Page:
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An abrasion on the humeral head under the articulating portion of the biceps tendon has been observed in patients with pain and stiffness after superior labrum anterior posterior (SLAP) repair. This study examined this humeral head abrasion (HHA) and its association with various diagnoses involving pathology of the biceps-labral complex. We hypothesized that it would be more common in failed SLAP repairs than other diagnoses. MATERIALS AND
A retrospective chart review was performed of 253 patients who underwent shoulder arthroscopy by a single surgeon during a 5-year period. Postoperative diagnoses were used to confirm one of the following diagnoses: failed SLAP repair, biceps tendonitis, SLAP lesion with biceps tendonitis, and isolated SLAP lesion. Operative reports and surgical images were analyzed to identify the presence or absence of HHA. Demographic data, including age, sex, handedness, and onset of injury, were also collected. The frequency of this lesion among the different diagnoses and patient characteristics was compared by χ(2) analysis.
HHA was observed in 13 of 18 patients (72.2%) with failed SLAP repairs, in 8 of 18 (44.4%) with biceps tendonitis, in 11 of 20 (55%) with SLAP lesion and biceps tendonitis, and in 1 of 71 (1.4%) with isolated SLAP lesions, significantly differing in frequency by diagnosis (P < .001). Patients with HHA were an older median age than those without (48 vs 40; P = .004).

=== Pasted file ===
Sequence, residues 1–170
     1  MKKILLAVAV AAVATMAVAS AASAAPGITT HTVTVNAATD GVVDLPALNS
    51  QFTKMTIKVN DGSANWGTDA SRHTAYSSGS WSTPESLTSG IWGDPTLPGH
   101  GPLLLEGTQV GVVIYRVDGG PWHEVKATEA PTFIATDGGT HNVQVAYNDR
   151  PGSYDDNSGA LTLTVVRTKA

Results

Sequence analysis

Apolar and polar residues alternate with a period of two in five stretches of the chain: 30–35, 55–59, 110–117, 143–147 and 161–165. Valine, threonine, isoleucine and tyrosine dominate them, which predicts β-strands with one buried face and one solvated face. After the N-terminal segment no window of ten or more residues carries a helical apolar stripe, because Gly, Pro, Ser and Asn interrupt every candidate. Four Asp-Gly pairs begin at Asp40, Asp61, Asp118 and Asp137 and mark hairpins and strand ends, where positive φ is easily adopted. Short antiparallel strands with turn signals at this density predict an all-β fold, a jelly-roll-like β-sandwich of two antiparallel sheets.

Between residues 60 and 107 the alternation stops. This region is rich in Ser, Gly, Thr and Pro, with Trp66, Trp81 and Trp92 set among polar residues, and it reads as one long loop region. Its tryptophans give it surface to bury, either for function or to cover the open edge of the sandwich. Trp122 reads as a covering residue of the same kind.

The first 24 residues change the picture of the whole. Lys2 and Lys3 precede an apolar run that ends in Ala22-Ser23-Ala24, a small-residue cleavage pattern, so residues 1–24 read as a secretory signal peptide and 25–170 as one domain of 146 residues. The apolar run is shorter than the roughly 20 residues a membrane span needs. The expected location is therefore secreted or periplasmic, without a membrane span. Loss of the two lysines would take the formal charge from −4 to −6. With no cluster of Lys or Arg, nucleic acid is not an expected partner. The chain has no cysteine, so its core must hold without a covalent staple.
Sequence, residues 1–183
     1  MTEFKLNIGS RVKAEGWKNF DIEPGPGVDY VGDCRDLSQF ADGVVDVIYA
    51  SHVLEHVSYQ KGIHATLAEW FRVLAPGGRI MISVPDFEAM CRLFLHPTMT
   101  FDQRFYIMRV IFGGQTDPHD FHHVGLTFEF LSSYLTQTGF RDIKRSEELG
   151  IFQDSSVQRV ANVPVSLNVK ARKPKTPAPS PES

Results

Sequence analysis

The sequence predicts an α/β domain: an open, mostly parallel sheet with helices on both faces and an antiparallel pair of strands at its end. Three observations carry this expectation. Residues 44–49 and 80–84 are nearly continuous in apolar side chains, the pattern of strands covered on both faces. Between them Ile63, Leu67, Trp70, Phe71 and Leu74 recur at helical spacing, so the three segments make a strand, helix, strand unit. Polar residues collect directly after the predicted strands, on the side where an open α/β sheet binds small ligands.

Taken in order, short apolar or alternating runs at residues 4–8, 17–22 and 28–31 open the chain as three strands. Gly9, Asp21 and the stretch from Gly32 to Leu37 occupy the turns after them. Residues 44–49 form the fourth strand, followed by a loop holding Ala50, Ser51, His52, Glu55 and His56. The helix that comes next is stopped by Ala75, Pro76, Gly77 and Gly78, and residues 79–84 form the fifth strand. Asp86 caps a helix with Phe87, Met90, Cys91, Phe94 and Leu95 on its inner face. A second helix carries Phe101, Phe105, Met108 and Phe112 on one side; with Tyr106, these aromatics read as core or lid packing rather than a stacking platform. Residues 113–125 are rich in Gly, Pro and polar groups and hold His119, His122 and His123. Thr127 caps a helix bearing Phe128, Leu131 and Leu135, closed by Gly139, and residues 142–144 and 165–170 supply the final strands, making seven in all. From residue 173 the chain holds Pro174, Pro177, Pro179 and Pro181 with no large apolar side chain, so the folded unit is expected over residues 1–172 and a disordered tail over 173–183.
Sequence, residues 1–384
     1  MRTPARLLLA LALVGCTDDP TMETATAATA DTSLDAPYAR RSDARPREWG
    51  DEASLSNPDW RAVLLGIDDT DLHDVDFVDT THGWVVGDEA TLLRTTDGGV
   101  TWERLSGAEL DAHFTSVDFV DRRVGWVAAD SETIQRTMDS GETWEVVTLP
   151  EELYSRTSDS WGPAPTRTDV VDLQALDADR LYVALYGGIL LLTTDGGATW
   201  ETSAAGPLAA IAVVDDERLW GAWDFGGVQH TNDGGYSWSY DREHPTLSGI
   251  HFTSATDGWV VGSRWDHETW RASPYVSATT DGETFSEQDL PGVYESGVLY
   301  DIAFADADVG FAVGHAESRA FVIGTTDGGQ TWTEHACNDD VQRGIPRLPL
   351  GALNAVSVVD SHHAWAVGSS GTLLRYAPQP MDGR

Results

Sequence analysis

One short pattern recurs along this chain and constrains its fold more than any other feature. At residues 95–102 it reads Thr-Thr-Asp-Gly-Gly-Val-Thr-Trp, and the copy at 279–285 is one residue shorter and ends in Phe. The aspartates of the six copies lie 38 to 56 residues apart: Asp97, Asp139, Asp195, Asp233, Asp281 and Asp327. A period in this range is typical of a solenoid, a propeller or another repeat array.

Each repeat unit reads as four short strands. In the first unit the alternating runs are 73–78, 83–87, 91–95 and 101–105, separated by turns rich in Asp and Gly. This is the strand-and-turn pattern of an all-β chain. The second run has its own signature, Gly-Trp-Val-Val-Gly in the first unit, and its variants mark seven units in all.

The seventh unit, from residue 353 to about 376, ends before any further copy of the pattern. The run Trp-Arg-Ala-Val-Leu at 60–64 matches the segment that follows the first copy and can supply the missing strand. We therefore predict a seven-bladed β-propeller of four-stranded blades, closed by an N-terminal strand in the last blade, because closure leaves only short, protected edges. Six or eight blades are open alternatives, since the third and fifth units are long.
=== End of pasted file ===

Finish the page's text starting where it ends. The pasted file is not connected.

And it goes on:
HHA is common in patients with a pathologic biceps-labral complex, especially those with failed SLAP repair. We speculate that this lesion is due to inflammation of the biceps tendon resulting in increased biceps-humeral head contact pressure.
Vanderbilt Sports Medicine, Nashville, TN.
This article was published in the following journal.
Name: Journal of shoulder and elbow surgery / American Shoulder and Elbow Surgeons ... [et al.]
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Compression of the rotator cuff tendons and subacromial bursa between the humeral head and structures that make up the coracoacromial arch and the humeral tuberosities. This condition is associated with subacromial bursitis and rotator cuff (largely supraspinatus) and bicipital tendon inflammation, with or without degenerative changes in the tendon. Pain that is most severe when the arm is abducted in an arc between 40 and 120 degrees, sometimes associated with tears in the rotator cuff, is the chief symptom. (From Jablonski's Dictionary of Syndromes and Eponymic Diseases, 2d ed)
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The venous trunk which returns blood from the head, neck, upper extremities and chest.
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